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New Florida Law Bans Social Media For Children Under 14

Gov. Ron DeSantis signed a bill that will make it illegal for anyone under the age of 14 to have a social media account. It is expected to be challenged.

On March 25, Gov. Ron DeSantis signed HB 3 into law, which would bar Floridian children under the age of 14 from having a social media account. “Social media harms children in a variety of ways,” DeSantis said in a statement. “HB 3 gives parents a greater ability to protect their children.” In addition to barring children under the age of 14 from having an account on platforms like TikTok, Snapchat, and Instagram, the law would require parental consent for anyone under the age of 16 to have a social media account and requires sexually explicit websites to use age verification. It is set to go into effect on Jan. 1, 2025.

HB 3 — a less stringent version of a similar law DeSantis vetoed earlier this month — not only prohibits new accounts for anyone under the age of 14, but requires social media companies to terminate any account held by anyone younger than 14 or 15, and accounts belonging to 14- and 15-year-olds who have not obtained a parent or guardian’s permission. The bill goes on to explain that tech companies will be required to use independent third parties in order to verify the age of potential users.

Similar laws, such as one in Arkansas last year, have been blocked by federal judges on First Amendment grounds. DeSantis expects HB 3 will face similar challenges, despite his personal belief in the constitutionality of said law. There’s also the question of how successful age verification measures would even be in keeping kids off social media. Presently, American children must be 13 years old to hold a social media account in accordance to the federal Children’s Online Privacy Protection Act. And yet in spite of this law, it is estimated that approximately 68% of pre-teens have at least one social media account. More often than not, this is simply a matter of listing your age as older when establishing an account.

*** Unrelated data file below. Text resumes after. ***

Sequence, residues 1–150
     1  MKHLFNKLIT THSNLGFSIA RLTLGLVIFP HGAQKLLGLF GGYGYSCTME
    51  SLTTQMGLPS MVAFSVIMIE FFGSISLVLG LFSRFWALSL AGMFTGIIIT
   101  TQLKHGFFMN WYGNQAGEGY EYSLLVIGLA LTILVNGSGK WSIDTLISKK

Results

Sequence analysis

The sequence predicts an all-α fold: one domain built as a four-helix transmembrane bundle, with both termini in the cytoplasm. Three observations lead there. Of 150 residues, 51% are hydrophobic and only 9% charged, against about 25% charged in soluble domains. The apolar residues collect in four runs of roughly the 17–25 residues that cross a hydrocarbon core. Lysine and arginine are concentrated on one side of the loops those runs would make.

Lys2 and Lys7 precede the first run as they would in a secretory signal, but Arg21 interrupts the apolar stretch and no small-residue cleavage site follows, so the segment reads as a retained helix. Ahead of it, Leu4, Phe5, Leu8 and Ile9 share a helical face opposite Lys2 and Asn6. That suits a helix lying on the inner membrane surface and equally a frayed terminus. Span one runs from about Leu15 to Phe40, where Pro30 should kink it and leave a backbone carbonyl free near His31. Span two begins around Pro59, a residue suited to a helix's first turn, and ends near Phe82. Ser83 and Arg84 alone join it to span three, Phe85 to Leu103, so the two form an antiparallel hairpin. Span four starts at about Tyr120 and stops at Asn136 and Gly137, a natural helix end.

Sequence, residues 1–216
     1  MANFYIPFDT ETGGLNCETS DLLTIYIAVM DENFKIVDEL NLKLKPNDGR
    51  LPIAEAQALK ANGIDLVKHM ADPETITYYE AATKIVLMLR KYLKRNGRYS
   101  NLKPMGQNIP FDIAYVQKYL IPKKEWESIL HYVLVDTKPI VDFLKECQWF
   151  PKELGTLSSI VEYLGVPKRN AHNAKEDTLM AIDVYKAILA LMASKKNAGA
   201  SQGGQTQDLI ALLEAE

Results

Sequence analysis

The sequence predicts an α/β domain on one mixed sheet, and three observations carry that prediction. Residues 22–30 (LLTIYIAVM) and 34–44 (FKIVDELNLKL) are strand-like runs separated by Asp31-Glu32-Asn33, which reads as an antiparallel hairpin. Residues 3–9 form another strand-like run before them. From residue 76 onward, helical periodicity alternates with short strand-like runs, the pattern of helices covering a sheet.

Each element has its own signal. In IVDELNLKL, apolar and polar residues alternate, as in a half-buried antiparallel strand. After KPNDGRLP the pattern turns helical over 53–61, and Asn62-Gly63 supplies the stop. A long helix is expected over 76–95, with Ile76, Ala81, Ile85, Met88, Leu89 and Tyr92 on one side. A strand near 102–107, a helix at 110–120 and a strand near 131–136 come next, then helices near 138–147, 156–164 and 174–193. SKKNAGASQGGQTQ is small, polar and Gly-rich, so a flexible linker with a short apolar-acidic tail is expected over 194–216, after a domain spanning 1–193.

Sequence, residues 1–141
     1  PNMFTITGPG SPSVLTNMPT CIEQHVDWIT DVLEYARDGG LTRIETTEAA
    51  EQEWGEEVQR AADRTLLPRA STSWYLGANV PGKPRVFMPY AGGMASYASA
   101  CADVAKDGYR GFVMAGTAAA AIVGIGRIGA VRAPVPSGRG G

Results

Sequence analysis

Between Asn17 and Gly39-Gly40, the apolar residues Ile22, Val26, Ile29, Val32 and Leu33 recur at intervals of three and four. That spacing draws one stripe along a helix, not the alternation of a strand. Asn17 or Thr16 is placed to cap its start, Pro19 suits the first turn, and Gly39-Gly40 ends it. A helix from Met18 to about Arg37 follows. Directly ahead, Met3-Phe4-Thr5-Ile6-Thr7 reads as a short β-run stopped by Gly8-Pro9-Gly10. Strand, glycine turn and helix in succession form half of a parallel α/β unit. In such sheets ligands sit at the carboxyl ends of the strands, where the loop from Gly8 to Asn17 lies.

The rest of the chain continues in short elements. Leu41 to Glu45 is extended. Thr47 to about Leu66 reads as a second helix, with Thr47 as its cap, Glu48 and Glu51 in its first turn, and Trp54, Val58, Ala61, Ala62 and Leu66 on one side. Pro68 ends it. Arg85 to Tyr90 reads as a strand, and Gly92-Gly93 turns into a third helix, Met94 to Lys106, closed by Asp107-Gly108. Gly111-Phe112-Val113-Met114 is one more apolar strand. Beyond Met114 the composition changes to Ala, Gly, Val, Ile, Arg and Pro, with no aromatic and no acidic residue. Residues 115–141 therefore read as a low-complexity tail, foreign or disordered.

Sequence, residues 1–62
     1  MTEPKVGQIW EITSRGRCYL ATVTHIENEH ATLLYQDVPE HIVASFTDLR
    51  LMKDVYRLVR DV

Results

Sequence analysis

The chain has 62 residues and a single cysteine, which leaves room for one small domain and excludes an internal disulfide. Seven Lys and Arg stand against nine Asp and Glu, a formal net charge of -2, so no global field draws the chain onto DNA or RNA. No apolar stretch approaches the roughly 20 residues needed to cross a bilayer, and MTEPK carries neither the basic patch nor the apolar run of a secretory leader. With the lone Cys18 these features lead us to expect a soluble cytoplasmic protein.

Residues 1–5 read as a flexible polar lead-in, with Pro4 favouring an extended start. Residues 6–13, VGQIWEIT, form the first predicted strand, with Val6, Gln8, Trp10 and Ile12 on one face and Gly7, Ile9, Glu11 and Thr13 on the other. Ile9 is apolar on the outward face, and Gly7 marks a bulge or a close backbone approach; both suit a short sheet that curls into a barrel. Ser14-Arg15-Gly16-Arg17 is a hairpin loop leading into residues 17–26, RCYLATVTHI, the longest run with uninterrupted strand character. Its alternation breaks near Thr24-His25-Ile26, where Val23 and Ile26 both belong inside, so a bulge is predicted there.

Last year, Surgeon General Vivek Murthy asserted that he felt 13 years old was “too early” to be on social media, specifically calling out the addictive nature of their design. “We have some of the best designers and product developers in the world who have designed these products to make sure people are maximizing the amount of time they’re spend on these platforms. And if we tell a child ‘use the force of your willpower to control how much time you’re spending..,’ you’re pitting a child against the world’s greatest product designers. And that’s just not a fair fight.”

“A child in their brain development doesn’t have the ability to know that they’re being sucked into these addictive technologies and to see the harm and step away from it,” said Republican Speaker Paul Renner, who championed the bill, at the signing ceremony. “This is an issue where we can no longer stand on the sidelines because of what we know.” Renner went on to say that the all but inevitable legal challenges did not deter him from his course. “We’re going to beat them. We’re going to beat them and we’re never, ever going to stop.”